Although these are not formal legal definitions, it is surprising how little overlap there is across federal agencies, whose only point of agreement is that pyramid schemes emphasize recruitment. [As described above, the emphasis on recruiting with the simultaneous lack of retail sales are the only major factors that need to be considered, everything else is just window dressing, including very overlapping and highly subjective issues.] Moreover, these indicators provide little clarity to consumers because “recruitment” is normally associated with jobs and regarded as a legitimate business activity. [MLMs don’t normally use the term “recruit/recruitment,” they use words such as “sponsoring,” inferring a helpful partnership. People who have no or little experience with how MLMs really work don’t realize how many things they do not know.]

Nor are the other indicators unambiguously and uniquely related to pyramid schemes. [That’s why I called them mere window dressing.] “Promises of high returns in a short period of time” are common for many legitimate business opportunities, whether the claims are substantive or mere puffery. [So why make a big deal about it?] So too are promises of “easy money or passive income”; indeed, long-term personal investing is a largely passive endeavor. [Most MLMs don’t use the “easy money” spiel, but they do say it’s easier than the 50/50/50 plan, work 50 hours/week for 50 years and retire on 50 years of your income. Also, the concept of passive is much different in a business than investing while employed, as there is active work to build an MLM business and then reap the rewards with passive income, which is a mirage because it takes full time effort just to keep the downline numbers up owing to a high drop out rate.] “No demonstrated revenue from retail sales” is not a reasonable indication of a pyramid scheme, or else every business in the United States without retail sales might qualify. [This is pure pap, because lack of retails sales is the exact definition of an illegal pyramid. And just because service companies don’t have “retail sales” is a meaningless argument.] Many legitimate businesses, such as franchises, require “buy-ins,” and others, such as real estate, retail clothing, and insurance agencies, have “complex commission structures.” [Again, then why focus on these issues rather than the fundamentals of recruiting AND retail sales? All that is “accomplished” is to confuse people with unnecessary complexity.] Patrons of used car dealerships understand the prevalence of “high-pressure sales tactics” in legitimate businesses all too well. [See above.] And consumers purchasing “more products than they want to use” is perhaps puzzling, but hardly unambiguous evidence of a pyramid scheme. [See above.] Moreover, many pyramid schemes involve purely financial transactions in which there is no purchase of “products” whatsoever. [You are making my argument to focus on the fundamentals, over and over again.]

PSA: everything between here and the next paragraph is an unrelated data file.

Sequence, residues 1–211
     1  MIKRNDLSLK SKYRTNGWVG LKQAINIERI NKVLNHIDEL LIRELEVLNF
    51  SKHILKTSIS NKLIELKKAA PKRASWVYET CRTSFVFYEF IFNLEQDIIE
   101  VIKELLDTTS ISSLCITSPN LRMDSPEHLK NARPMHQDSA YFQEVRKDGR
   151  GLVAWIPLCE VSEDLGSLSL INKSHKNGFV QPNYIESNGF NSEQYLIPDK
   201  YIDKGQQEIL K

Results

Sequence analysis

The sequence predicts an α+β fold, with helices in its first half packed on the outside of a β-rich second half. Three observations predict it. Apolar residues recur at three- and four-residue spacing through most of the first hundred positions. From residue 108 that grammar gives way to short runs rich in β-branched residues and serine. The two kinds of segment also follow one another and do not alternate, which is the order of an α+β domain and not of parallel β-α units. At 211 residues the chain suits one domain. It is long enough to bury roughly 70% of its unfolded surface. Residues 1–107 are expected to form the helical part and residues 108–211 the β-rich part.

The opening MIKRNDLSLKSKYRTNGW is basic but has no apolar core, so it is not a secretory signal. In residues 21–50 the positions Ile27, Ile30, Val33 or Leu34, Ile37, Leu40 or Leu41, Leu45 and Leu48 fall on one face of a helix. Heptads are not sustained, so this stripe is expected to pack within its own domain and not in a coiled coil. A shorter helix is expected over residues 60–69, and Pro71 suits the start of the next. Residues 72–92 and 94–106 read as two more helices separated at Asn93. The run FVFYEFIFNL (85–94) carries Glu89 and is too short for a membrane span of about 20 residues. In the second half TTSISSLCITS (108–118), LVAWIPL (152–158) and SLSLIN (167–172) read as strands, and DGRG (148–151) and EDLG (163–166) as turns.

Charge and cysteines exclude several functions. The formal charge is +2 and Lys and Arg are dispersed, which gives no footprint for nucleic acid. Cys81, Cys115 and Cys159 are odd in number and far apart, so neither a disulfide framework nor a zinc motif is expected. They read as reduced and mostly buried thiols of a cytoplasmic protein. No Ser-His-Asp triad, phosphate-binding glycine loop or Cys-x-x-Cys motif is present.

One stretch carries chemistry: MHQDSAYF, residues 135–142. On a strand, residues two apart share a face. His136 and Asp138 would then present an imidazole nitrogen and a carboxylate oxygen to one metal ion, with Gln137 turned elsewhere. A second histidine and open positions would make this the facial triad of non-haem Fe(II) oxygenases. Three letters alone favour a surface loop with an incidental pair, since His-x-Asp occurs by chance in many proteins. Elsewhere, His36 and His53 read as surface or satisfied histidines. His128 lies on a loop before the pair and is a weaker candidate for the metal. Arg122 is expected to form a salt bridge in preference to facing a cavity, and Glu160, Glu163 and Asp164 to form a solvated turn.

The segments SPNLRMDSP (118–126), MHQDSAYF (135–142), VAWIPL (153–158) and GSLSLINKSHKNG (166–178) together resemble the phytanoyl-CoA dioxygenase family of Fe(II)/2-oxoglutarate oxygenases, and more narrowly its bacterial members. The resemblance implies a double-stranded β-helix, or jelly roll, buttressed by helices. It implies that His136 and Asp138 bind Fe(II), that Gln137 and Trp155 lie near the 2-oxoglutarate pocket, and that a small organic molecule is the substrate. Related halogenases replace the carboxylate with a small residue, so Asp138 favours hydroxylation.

Ultimately, the federal agencies’ lists of supposed pyramid scheme indicators do not allow us to distinguish a pyramid scheme from a legitimate business activity on the federal level. [That’s because they are similar to the authors of this article, they don’t know what they’re talking about.]